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there is and they believe if you look like arab sunni leaders who are actually excited about a lot of them about trump coming in, i'm sure you've heard that too. there's some opportunities, which is the most ironic thing in the world given his anti-muslim statements throughout the campaign. >> the way i would describe trump's approach to the middle east right now is that it has a lack of cohesion. that may actually work in some ways as you highlighted some of these examples. there's some areas where there could be a collision course of interest. on the issue of iran, for example, you have president trump very much against the iran deal but also come out and said that he wants to work with russia. he's deferring a little bit to russia on the issue of syria. russia is also a big proponent and supporter of the iran deal. that's going to put trump at odds with russia on the iran deal if not necessarily in syria.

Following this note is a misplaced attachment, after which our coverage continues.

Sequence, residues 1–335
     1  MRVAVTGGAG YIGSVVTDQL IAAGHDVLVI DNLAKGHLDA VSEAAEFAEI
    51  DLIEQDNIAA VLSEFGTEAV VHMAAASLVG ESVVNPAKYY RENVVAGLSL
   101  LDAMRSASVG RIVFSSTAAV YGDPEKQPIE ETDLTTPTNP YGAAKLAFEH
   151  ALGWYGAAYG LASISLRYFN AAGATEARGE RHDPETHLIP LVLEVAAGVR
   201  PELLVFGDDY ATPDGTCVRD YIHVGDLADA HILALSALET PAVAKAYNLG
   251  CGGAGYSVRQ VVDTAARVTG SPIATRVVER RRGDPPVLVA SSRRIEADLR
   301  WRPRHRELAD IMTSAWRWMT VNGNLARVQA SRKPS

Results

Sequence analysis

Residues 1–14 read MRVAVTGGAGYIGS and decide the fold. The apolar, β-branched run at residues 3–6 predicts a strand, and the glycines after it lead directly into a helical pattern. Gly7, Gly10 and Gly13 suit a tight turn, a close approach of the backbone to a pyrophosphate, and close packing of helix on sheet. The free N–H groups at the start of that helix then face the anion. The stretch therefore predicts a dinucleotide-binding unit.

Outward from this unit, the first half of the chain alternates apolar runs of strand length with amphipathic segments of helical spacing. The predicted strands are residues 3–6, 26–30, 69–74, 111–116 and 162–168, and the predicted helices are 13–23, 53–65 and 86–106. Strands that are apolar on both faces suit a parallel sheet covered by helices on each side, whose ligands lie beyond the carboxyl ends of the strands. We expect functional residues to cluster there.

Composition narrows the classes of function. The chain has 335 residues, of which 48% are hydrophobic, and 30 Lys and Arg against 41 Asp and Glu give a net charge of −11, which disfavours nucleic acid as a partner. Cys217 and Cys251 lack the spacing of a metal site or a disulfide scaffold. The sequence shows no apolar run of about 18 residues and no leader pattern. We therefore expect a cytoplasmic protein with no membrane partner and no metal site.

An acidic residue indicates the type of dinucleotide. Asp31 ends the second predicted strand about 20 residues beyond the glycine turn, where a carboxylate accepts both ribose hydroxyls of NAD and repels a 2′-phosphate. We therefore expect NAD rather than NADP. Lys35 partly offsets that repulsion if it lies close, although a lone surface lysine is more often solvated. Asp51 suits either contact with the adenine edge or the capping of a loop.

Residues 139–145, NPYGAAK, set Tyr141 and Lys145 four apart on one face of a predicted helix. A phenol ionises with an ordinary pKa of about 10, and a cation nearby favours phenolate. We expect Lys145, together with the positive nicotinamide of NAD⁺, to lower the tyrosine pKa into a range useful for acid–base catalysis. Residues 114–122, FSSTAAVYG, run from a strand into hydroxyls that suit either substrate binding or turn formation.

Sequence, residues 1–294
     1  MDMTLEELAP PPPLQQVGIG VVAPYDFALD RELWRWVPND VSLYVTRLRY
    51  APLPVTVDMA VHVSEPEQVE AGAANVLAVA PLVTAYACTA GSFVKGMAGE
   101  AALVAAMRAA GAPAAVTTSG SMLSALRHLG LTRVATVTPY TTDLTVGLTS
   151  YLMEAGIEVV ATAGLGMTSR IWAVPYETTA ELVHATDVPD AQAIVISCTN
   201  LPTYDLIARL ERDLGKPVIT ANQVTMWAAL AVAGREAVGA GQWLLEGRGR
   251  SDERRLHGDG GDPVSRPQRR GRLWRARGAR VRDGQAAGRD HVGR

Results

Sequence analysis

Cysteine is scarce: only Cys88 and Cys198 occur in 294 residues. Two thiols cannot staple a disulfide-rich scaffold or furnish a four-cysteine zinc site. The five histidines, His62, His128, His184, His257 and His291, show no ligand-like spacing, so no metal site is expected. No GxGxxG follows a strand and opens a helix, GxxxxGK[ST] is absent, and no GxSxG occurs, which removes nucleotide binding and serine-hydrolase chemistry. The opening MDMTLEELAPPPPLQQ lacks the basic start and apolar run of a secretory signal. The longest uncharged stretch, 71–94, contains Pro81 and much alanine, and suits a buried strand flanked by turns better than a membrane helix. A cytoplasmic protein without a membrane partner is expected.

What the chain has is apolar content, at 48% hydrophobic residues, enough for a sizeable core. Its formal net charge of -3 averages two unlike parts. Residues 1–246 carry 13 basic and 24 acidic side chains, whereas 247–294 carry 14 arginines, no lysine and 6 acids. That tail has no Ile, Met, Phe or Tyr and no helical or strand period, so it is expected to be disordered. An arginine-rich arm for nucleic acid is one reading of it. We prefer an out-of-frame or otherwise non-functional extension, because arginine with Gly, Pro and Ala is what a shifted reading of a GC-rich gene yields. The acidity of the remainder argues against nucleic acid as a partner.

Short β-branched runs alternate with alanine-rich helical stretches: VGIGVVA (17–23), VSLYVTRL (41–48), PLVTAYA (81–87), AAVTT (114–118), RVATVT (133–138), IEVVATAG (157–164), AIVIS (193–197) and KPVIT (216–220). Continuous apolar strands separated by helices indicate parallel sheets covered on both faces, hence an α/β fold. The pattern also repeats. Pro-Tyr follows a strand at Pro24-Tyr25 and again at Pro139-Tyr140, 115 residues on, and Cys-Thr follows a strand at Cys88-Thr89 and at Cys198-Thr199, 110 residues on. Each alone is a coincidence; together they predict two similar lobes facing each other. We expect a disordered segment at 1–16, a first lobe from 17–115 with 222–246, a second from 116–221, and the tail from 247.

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his approach far from the way i've read the tea leaves is each part of the middle east he's approaching separately. used to be let's deal with the middle east in one lump sum approach whoever i put as ambassador of israel and whoever i appoint as special envoy has to get along on all of these issues. seems like from key appointments he's compartmentalizing middle east in different approaches. the middle east are excited about rex tillerson. people who support the iran deal excited about rex tillerson. the ceo of the largest oil and gas company in the world at one point interested in exploring opportunities in iran. that's also going to be an interesting to see how rex tillerson fits into the trump approach on iran. i would say that he's kind of approaching it with a compartmentalized approach to countries and conflicts one by one. >> only country in the middle east not excited about rex tillerson, israel. >> general mattis is an interesting appointment. he's had tough words for israel